At one point we were switching between driving a gas-powered Taurus and an older diesel Mercedes sedan, which provided very different driving experiences. Because the Benz sounded like a tractor, it was rare that we got even close to putting regular gas in the tank. Though modern diesel sedans aren't common over here, the advancement in technology means that you could accidentally put premium in your oil-burner. What to do?

If you're really lucky, you've not started your car and can thus get it drained by a professional (or a trusted friend) for a decent price according to the lads at MotorTorque. This is the easiest solution and the best way to avoid serious damage.

If you've only put in a tiny amount it may be possible to dilute the gasoline with diesel, but this is highly risky and should only be attempted in older vehicles that don't use high-pressure injection systems. I.E., don't try this in your new Bluetec E-Series.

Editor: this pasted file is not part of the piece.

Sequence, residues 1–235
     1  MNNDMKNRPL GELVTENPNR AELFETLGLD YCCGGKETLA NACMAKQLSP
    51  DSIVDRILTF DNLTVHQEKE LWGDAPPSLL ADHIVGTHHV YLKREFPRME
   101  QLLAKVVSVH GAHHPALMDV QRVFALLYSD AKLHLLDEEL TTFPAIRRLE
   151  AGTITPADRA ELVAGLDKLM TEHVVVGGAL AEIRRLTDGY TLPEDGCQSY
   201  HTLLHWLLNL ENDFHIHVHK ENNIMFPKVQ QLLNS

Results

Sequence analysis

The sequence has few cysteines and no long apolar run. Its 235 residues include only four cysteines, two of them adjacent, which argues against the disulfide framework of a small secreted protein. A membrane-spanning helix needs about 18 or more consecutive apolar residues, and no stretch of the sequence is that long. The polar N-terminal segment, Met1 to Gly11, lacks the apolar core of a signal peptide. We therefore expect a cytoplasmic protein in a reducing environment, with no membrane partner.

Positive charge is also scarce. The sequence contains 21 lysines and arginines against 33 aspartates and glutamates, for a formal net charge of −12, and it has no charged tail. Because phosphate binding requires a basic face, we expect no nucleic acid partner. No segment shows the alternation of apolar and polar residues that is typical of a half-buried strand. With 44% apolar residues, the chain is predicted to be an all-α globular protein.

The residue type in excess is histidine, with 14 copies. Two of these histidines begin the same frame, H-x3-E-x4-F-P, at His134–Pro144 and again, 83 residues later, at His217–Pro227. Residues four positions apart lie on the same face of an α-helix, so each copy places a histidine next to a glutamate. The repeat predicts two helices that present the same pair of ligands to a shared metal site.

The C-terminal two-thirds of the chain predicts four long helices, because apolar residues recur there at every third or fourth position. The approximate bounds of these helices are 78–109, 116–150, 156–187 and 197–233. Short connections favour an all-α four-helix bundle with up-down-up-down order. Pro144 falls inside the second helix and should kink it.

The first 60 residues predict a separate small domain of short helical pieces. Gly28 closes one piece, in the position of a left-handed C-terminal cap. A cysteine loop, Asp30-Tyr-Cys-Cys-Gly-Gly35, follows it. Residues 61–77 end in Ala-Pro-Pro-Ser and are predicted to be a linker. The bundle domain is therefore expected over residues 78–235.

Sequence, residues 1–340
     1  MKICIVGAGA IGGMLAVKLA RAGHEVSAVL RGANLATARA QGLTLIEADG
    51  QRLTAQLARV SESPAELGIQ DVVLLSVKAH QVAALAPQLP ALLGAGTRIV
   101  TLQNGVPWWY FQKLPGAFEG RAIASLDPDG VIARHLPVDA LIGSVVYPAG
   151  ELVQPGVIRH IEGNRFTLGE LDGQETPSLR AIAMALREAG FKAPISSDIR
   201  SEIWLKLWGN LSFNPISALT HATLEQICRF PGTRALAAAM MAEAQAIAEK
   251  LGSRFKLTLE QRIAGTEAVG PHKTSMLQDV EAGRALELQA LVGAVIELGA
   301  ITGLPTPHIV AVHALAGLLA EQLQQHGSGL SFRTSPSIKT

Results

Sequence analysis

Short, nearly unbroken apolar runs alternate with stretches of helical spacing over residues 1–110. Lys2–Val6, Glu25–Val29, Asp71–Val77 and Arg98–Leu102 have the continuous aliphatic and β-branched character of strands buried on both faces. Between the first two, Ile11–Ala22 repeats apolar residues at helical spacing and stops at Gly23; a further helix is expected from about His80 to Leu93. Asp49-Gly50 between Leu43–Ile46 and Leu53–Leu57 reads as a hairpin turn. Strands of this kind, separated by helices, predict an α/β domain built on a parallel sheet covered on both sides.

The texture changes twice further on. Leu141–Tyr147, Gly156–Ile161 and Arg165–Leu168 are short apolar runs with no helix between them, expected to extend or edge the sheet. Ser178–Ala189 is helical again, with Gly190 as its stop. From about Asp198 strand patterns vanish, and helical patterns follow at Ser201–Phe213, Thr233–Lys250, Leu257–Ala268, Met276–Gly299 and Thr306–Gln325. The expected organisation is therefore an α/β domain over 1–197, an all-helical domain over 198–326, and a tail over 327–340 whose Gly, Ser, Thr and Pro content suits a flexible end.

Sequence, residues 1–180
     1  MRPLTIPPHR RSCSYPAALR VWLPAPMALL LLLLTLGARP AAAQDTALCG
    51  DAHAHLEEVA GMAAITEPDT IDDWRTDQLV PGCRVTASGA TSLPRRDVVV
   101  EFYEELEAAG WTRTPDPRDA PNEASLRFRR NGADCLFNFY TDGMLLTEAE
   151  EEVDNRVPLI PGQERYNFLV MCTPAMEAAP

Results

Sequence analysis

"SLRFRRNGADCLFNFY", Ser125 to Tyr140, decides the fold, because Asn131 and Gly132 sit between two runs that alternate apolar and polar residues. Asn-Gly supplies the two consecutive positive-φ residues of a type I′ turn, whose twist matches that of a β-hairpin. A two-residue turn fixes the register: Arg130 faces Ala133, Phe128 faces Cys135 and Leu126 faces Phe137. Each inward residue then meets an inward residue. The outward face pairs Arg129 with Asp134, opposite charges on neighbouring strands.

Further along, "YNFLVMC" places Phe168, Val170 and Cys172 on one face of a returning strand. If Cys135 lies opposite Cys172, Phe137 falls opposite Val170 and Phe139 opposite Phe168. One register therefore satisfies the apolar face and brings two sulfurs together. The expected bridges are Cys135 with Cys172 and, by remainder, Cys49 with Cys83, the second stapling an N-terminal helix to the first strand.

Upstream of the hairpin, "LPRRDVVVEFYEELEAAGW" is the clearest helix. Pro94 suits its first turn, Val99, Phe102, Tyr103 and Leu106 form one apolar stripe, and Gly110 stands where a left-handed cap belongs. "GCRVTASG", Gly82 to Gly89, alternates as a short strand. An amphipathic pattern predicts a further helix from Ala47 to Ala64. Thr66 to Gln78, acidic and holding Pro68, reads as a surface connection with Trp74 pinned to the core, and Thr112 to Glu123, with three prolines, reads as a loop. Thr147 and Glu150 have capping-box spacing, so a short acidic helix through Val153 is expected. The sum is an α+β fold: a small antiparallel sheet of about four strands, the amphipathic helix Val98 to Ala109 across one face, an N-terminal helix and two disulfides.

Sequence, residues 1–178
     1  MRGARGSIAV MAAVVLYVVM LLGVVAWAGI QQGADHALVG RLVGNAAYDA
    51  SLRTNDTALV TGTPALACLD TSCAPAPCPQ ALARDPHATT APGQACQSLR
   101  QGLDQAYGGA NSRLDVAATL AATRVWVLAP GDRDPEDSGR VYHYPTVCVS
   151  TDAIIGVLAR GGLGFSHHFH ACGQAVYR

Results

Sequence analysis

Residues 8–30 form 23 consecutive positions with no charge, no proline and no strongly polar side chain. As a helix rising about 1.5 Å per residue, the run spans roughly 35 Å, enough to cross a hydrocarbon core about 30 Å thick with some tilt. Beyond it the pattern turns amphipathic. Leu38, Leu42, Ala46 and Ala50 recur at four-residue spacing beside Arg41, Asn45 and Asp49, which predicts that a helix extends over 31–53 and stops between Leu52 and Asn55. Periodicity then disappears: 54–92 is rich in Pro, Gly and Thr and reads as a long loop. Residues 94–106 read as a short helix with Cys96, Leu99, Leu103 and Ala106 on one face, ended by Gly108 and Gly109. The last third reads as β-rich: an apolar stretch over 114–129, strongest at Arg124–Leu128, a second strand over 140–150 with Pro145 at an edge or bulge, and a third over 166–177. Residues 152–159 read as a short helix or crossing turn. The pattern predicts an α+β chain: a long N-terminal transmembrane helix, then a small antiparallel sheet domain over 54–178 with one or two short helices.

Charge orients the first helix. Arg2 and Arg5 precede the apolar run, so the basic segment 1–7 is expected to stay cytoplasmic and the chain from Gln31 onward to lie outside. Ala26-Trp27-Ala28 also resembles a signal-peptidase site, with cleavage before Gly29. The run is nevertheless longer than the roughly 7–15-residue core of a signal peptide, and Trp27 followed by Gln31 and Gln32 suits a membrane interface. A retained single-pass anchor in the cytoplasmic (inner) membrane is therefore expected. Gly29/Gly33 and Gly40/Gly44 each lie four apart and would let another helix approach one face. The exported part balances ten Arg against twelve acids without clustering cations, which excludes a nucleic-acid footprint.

If you've put more than a sliver in and started the car you're running the risk of damaging the fuel pump, fuel-injection system and washing out all the lubricant in the car. And that's in an older car. If you're car/truck is using a common-rail diesel system you could be looking at major engine destruction (that may not be covered by your insurance).

In this case, an ounce of prevention is worth a gallon of cure/diesel. Make sure to clearly mark your gas gauge, the inside of the fuel door and the fuel cap with the words "DIESEL FUEL ONLY," especially if your ride gets borrowed frequently.


As always, consult a mechanic before you do anything stupid. [MotorTorque]